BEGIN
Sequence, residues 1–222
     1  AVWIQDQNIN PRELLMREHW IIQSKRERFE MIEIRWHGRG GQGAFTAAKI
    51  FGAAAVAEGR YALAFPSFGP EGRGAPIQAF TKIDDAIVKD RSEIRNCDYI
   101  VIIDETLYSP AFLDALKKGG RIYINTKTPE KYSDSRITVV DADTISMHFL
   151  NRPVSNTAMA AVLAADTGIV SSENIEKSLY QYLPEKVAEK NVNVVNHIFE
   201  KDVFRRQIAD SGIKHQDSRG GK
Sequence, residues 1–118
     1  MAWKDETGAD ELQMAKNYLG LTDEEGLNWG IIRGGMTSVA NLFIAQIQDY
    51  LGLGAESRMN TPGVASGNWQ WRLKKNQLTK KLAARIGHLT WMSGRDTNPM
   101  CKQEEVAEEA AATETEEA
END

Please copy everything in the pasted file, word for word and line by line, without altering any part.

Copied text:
Sequence, residues 1–222
     1  AVWIQDQNIN PRELLMREHW IIQSKRERFE MIEIRWHGRG GQGAFTAAKI
    51  FGAAAVAEGR YALAFPSFGP EGRGAPIQAF TKIDDAIVKD RSEIRNCDYI
   101  VIIDETLYSP AFLDALKKGG RIYINTKTPE KYSDSRITVV DADTISMHFL
   151  NRPVSNTAMA AVLAADTGIV SSENIEKSLY QYLPEKVAEK NVNVVNHIFE
   201  KDVFRRQIAD SGIKHQDSRG GK
Sequence, residues 1–118
     1  MAWKDETGAD ELQMAKNYLG LTDEEGLNWG IIRGGMTSVA NLFIAQIQDY
    51  LGLGAESRMN TPGVASGNWQ WRLKKNQLTK KLAARIGHLT WMSGRDTNPM
   101  CKQEEVAEEA AATETEEA